It may not look like it, but the all-electric Volkswagen e-up! feels like one of the fastest and most fun ways to get around town.
We’ve already driven the original all-electric Volkswagen e-up!, but now there’s an updated version. Bearing in mind all the issues surrounding local air quality, should the e-up! be on your city car shortlist?
The Volkswagen e-up! is essentially the same car as the petrol-powered up!, but with the engine removed and replaced with a 230 kg lithium-ion battery (which sits in the vehicle floor) and a 60 kW electric motor.
The five-door body also remains, with virtually identical space for passengers and luggage as the petrol model. The boot is small but there’s extra space under the false floor – where the charging cables can be kept.
The interior is basic, but it has a (mostly) quality feel for the city car segment. There’s a small screen in the stereo unit that shows images from a reversing camera, and although there’s no satnav, there’s a holder for a smartphone, which can run a satnav app, along with details about the vehicle’s battery range. Such information would be helpful, because the standard dashboard display is not designed around an electric car at all, with very limited information. With a bit of button pressing, you can manage to bring up a small display showing the car’s range.
The steering wheel has height adjustment, but no reach adjustment – which is standard in the city car class. There are also no central air vents, just a vent on the far left and one on the far right. Perhaps the strangest example of cost saving is the lack of a cover over the mirror in the driver’s sun visor. How many pennies would it cost to add a plastic cover to avoid you having to drive around looking at your reflection all the time?
The Volkswagen e-up! has most of the same qualities as other electric cars: it’s generally quiet and refined, it has lots of torque, and, with no clutch or gear changing, it’s easy to drive. However there’s one difference between the e-up! and most other electric cars – it’s very small, and relatively light. This means that, when combined with the instant torque delivery, it feels incredibly nippy around town. In fact we’d go so far as to say that the e-up! feels like one of the fastest and most fun ways to get round urban areas at speeds of up to 30 mph. It’s more fun than you’d think. And there’s even more good news for city drivers: it’s amazingly comfortable over speed bumps.
Having said above that the e-up! is generally quiet, in relation to petrol cars, it’s actually one of the noisier EVs that we’ve driven, with an audible whine from the electric motor – presumably due to a lack of sound proofing and NVH investment.
As there’s no engine under the bonnet, you wonder if Volkswagen could have improved the steering lock, as Renault has done to take advantage of the lack of engine up front in the Twingo.
The big selling point of the Volkswagen e-up is that it has zero tailpipe emissions. It also has low running costs – around one-fifth of those of the petrol model.
Volkswagen quotes a 99 mile range for the e-up!, as well as qualifying this by saying you can expect a real-life range of 75-103 miles in summer, and 50-75 miles in winter. A range that at best doesn’t exceed 100 miles isn’t a great selling point to most car buyers, but a range of 50 miles excludes pretty much all drivers except those that only venture a few miles from their house. The best we got from the range in real-life range was 90 miles, and that was without selecting the eco and eco+ buttons, which dial down certain heating and ventilation functions. You can also extract more range by adjusting the level of brake regeneration, with five modes available: D, D1, D2, D3, and B.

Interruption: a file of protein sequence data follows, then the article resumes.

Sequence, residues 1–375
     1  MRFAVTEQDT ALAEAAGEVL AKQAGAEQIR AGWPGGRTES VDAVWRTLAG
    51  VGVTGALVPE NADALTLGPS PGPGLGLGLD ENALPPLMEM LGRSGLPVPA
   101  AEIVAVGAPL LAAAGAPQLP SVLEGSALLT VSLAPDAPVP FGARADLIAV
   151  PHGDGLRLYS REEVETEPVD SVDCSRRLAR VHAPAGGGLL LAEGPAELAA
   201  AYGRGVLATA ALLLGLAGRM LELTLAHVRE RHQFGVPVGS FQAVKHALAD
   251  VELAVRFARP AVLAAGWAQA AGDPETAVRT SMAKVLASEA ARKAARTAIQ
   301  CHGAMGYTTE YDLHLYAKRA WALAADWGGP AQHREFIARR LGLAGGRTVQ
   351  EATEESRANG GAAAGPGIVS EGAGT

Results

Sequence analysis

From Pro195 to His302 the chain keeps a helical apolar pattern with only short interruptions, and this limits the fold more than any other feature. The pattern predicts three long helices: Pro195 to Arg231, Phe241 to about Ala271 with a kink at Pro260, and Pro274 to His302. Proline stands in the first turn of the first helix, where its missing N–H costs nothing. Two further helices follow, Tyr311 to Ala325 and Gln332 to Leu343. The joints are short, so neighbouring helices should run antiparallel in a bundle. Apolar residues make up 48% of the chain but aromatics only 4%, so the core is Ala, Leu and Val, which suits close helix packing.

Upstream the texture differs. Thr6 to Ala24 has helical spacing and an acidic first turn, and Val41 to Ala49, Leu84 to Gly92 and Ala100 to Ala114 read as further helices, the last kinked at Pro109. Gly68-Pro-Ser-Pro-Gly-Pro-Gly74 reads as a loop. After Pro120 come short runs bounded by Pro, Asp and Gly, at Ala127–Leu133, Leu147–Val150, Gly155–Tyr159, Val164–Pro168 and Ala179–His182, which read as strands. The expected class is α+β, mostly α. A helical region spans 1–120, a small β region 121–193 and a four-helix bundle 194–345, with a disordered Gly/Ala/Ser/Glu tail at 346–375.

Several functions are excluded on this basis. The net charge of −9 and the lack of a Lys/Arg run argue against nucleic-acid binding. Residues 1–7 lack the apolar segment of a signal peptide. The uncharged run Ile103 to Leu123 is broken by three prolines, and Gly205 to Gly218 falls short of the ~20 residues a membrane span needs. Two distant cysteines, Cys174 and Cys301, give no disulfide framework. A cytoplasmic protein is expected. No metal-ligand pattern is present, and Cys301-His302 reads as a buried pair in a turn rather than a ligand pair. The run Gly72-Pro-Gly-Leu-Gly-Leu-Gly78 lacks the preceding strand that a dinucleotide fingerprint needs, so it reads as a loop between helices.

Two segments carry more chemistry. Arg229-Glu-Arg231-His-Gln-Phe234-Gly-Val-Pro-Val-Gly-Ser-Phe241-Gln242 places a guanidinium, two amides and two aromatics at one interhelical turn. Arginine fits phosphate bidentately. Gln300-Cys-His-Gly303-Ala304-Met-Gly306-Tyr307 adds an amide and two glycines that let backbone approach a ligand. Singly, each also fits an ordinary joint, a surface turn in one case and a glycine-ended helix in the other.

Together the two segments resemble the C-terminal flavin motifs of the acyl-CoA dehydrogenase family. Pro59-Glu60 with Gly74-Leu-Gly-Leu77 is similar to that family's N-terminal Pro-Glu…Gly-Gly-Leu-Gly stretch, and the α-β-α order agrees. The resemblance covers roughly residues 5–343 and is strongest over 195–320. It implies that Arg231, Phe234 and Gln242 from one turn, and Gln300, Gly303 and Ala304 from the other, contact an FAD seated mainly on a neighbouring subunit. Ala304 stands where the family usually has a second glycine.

We think you need a minimum of a 100 mile real-life range to start to address people’s concerns about range anxiety.
The e-up! takes around nine hours to fully charge using a cable with a three-pin plug and standard domestic electricity supply. This reduces to around six hours with a 3.6 kW home charger. It is possible to fast charge it to 80% in 30 minutes.
The Volkswagen e-up costs £20,780, after the UK government plug-in car grant of £4,500. Our test car cost £21,295 (the ‘Honey Yellow’ paint being a £270 option). There’s only one trim level.
The Volkswagen up! is likely to be seen by most people as ‘boxy’ rather than ‘racy’. The electric e-up! will probably be seen even less favourably by many motorists. However taking this view would be a mistake, because the e-up! is actually great fun for nipping around town. Because of its instant torque in such a small package, acceleration from 0-30 mph feels genuinely rapid. So if you’re looking for a compact, agile city car that has zero tailpipe emissions, then the e-up! deserves a look. However you’d need to be comfortable with its real-world range of 50-100 miles, depending on the time of year – and this is the issue that’s likely to put many people off. You can buy a petrol up! from £9,135, which is less than half of the price of the electric up!, and it has range of over 400 miles.
But we need to remember that legislation regarding air quality in cities around the world is getting ever-tighter, with electric cars being seen as the solution to this problem. And Volkswagen is currently developing a range of all-new electric cars, so the e-up! can be seen as a stepping stone on this journey. In the meantime, the Volkswagen e-up! gains a Green Car Guide rating of 7 out of 10.